Cobbs Hill Sugarhouse

Civil Union Syrup – Birch and Maple


1 in stock

1 in stock


Believe it or not, you can get syrup from birch trees.

  • A robust, rich blend of 1/3 birch syrup and 2/3 maple syrup.
  • Perfect for dressings, glazes, and marinades – or straight from the spoon.

Cobbs Hill Sugarhouse Maple Syrup

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Believe it or not, you can get syrup from birch trees. Civil Union is a robust, rich blend of 1/3 birch syrup and 2/3 maple syrup. Made by Cobbs Hill Sugarhouse, a small-scale operation located in Mount Vernon, roughly the center of Maine. The family has been making maple syrup for nearly two decades, and adding novel infusions for about five.  They enjoy the work and relish the look on each new customer’s face when they taste these cool blends and infusions

They aim to tap the strongest, best-looking sugar maples with traditional spiles and buckets. These beautiful trees are scattered within a few miles of the sugarhouse. Some are located on their property, but many of the larger landowners in the area allow us to tap their trees — in exchange for some syrup.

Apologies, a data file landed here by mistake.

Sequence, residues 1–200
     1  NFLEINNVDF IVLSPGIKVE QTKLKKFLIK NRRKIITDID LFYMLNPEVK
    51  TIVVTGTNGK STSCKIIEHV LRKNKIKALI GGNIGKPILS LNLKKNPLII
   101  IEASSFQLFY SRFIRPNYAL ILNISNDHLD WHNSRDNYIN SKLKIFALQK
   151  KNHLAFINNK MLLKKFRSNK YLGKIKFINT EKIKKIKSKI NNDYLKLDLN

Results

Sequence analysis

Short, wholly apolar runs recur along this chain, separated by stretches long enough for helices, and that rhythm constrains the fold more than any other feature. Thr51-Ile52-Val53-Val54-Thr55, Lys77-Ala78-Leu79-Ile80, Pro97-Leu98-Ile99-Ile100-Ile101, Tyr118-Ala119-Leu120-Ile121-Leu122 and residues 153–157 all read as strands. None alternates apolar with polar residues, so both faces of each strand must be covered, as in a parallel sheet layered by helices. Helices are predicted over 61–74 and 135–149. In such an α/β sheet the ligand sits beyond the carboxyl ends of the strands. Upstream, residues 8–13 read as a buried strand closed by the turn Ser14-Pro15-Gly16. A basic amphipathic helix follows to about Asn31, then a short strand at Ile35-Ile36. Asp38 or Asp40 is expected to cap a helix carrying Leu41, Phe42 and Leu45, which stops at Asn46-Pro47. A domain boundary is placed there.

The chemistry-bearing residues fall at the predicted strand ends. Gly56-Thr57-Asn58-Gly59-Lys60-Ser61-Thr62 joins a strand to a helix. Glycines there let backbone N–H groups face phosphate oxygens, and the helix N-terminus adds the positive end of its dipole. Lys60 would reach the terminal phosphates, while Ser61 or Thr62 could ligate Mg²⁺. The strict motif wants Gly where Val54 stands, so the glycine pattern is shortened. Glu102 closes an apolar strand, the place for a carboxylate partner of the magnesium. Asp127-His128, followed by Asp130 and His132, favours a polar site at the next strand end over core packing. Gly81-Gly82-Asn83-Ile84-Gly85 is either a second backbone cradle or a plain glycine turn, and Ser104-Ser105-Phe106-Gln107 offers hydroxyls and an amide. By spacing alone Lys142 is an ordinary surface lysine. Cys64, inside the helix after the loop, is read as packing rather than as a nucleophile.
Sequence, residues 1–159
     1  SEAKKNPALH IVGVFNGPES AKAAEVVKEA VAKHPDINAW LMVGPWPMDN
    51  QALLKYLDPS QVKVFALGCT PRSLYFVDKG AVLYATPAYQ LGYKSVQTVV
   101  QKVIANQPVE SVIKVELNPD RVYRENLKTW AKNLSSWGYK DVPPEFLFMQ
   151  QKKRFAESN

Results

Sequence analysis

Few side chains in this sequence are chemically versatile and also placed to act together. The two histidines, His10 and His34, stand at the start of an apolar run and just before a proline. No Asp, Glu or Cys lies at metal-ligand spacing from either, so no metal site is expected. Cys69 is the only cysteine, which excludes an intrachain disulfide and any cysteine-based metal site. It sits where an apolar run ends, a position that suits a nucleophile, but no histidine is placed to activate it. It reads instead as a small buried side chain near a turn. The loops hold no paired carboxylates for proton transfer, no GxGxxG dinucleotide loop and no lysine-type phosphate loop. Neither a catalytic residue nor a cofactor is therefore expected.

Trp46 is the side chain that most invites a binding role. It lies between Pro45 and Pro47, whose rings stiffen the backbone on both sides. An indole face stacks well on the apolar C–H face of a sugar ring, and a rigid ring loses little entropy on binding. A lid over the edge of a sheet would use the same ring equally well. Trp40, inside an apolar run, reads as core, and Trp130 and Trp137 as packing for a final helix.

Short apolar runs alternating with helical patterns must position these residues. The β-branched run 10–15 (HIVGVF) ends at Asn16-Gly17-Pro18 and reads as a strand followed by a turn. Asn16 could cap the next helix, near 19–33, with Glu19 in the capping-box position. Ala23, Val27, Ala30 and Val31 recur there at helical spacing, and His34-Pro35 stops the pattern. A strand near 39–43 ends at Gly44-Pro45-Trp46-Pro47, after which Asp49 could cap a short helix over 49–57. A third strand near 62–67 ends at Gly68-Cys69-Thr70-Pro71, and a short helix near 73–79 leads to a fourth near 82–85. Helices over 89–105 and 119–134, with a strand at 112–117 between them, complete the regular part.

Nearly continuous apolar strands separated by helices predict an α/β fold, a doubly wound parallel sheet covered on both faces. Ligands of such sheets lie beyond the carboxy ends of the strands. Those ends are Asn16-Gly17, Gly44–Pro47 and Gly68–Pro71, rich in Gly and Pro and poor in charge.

Why use buckets? Two reasons.
First, they’re attracted to the heritage and aesthetic of the traditional sap collection in central Maine. It’s hard work, but they enjoy the process. And who doesn’t like seeing buckets hanging from trees in spring?
Second, buckets have higher quality control. Each time they gather, they inspect the sap for clarity and freshness. If it’s not right, it’s not used. That level of care and cautiousness can’t happen with miles of plastic tubes. High-quality syrup demands steadfast quality control.

At Cobbs Hill Sugarhouse, they boil small batches of fresh sap on a wood-fired evaporator. Many believe that the longer sap simmers, the more flavorful the syrup. They agree. AND they use a wood-fired evaporator because maple syrup is a magnet for aroma. So Cobbs Hill Sugarhouse Maple Syrup has a hint of wood smoke…not fuel oil.

Maple syrup is a true gift from nature — and they take they job seriously. Large-scale operations pull sap using gas-powered pumps and long lines of plastic tubes. Then, they send it through reverse osmosis machines multiple times and boil huge batches over oil-fired evaporators.
They don’t and never will.